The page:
Several countries including ETHIOPIA, CHINA, UGANDA, and GRENADA expressed interest in using countries’ economic needs as a means to prioritize support for capacity-building. MEXICO, concerned that this would divert the purpose of the text, opposed this and added, with others, that the text should not create the assumption that an IPBES will become a financial mechanism. COLOMBIA, INDONESIA, JAPAN, and ALGERIA agreed that the text should not prejudge prioritization for an IPBES plenary. Delegates agreed to keep the original, non-qualifying language, as suggested by the vice-chair, but ETHIOPIA requested to then identify priorities as “multidimensional.”

On the provision of support, the vice-chair recommended keeping the original language of “providing,” and the EU proposed an IPBES “call for” support rather than “provide” it, stating “provide” generates the idea that an IPBES is a financial mechanism. ALGERIA, echoed by BRAZIL, agreed that an IPBES should not be a financing mechanism but stated it should be able to mobilize funds when and where they are needed. MEXICO, supported by IRAN, ALGERIA and ARGENTINA, stated it was important to recall geographic balance but generally agreed that an IPBES “provide” support. SOUTH AFRICA agreed with BRAZIL to keep “provide.”

At the close of the plenary countries had not finished discussion on the issue of “providing” financial support. JAPAN proposed removing “financial” but Watson, with the agreement of delegates, proposed broadening the text to “financial and other support.” CHINA preferred to leave the decision on priority activities to an IPBES plenary. The US proposed using the same language as in option one, which was accepted by BRAZIL. IRAN, with SOUTH AFRICA and ETHIOPIA, proposed removing any qualifying text on activities.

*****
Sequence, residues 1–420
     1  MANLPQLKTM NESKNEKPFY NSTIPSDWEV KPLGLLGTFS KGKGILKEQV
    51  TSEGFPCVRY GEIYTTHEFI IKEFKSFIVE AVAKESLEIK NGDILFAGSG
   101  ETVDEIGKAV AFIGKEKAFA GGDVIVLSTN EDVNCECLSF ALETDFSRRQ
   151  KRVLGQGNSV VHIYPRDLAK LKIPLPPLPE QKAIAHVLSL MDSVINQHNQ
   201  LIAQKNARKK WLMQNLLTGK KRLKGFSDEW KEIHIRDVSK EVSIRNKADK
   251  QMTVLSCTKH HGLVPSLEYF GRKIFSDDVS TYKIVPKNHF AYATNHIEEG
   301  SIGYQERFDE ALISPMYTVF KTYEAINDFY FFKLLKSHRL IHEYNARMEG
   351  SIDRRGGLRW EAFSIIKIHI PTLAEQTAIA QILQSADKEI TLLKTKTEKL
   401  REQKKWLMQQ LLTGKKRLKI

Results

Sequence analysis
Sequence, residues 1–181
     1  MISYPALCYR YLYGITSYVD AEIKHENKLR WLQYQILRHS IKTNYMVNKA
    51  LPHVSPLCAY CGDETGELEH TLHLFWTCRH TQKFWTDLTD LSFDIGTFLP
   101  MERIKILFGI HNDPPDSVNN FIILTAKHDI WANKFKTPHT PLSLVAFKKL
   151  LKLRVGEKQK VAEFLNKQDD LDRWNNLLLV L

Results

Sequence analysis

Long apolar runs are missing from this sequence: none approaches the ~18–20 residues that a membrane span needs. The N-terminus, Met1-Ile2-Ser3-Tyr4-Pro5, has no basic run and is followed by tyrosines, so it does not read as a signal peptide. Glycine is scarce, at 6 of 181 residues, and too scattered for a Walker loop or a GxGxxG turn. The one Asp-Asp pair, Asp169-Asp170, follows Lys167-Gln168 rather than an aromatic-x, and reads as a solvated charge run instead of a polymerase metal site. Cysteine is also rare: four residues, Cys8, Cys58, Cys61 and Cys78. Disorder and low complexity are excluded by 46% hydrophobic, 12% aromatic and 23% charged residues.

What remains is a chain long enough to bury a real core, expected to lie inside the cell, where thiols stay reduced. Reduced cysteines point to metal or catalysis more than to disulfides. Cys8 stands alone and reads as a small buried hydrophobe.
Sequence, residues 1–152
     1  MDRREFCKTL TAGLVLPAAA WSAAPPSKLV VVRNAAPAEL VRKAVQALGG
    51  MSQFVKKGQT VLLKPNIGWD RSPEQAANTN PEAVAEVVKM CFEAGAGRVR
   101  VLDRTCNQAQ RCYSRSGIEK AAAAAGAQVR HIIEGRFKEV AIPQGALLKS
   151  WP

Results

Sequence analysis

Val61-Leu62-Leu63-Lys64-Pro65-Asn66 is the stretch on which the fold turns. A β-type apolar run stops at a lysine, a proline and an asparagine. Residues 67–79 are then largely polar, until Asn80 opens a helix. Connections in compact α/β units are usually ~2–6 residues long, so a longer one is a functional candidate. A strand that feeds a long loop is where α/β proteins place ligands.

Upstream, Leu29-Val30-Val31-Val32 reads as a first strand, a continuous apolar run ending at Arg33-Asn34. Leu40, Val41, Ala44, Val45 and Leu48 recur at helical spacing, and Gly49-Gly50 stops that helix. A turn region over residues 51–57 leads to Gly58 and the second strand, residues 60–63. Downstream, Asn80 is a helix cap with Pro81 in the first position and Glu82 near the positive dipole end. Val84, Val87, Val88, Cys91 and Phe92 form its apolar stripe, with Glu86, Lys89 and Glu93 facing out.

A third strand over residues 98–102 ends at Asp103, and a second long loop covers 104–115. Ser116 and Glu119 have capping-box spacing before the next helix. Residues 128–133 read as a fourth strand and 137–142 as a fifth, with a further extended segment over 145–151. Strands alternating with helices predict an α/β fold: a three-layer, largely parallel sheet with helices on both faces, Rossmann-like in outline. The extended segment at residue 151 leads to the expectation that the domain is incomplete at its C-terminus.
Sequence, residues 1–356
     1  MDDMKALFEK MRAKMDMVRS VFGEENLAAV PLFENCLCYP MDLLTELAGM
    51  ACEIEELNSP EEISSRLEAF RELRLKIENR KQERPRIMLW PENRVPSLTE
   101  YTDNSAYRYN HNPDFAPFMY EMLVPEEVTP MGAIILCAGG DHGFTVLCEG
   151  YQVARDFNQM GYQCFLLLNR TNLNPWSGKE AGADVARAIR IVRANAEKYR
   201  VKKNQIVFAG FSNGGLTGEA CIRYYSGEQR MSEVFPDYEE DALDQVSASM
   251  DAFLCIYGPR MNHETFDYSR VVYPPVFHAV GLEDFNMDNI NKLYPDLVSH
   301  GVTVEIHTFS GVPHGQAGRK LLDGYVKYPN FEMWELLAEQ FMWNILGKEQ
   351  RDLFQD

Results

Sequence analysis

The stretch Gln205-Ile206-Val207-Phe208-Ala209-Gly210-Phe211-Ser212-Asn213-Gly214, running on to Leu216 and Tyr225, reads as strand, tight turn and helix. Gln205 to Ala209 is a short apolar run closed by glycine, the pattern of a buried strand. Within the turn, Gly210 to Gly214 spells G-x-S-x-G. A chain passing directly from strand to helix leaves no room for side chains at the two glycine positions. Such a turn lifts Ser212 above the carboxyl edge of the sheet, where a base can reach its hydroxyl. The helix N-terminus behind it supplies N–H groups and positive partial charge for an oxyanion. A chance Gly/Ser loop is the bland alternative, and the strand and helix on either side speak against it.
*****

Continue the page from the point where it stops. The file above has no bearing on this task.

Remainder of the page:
Other matters: On the draft joint-statement on an IPBES circulated in the afternoon referring, inter alia, to the fact that “attempting to create a mechanism to improve the science-policy interface for the conservation and sustainable use of biodiversity without addressing the key capacity-building needs of developing countries and providing the means of implementation necessary to accomplish such a challenge is an enterprise doomed from the start,” GHANA clarified that it should not be viewed as a statement coming from the African Group and the like-minded megadiverse countries, since they have not had the opportunity to review it yet.

At the end of the plenary session, the chair proposed reconvening the drafting group on the Busan outcomes document. The US noted its disagreement with holding the drafting exercise, since there is no basis for a decision yet and negotiations are at a crucial stage. She added that such exercise would create some disruption by backtracking and discussing paragraphs that at the moment have no context yet. She urged that the drafting group reconvene only after the discussion on the substance was concluded. The EU and CHINA echoed such concern.

The IPBES Bulletin is a publication of the International Institute for Sustainable Development (IISD) <info@iisd.ca>, publishers of the Earth Negotiations Bulletin © <enb@iisd.org>. This issue was written and edited by Chad Monfreda, Wangu Mwangi, Tanya Rosen, and Liz Willetts. The Digital Editor is Francis Dejon. The Editor is Leonie Gordon <leonie@iisd.org>. The Director of IISD Reporting Services is Langston James “Kimo” Goree VI <kimo@iisd.org>. Funding for coverage of this meeting has been provided by the UN Environment Programme (UNEP) Division of Environmental Policy Implementation. IISD can be contacted at 161 Portage Avenue East, 6th Floor, Winnipeg, Manitoba R3B 0Y4, Canada; tel: +1-204-958-7700; fax: +1-204-958-7710. The opinions expressed in the Bulletin are those of the authors and do not necessarily reflect the views of IISD. Excerpts from the Bulletin may be used in other publications with appropriate academic citation. Electronic versions of the Bulletin are sent to e-mail distribution lists (in HTML and PDF formats) and can be found on the Linkages WWW-server at <http://enb.iisd.org/>. For information on the Bulletin, including requests to provide reporting services, contact the Director of IISD Reporting Services at <kimo@iisd.org>, +1-646-536-7556 or 300 East 56th St., 11A, New York, New York 10022, United States of America. The IISD Team at IPBES III can be contacted by e-mail at <tanya@iisd.org>.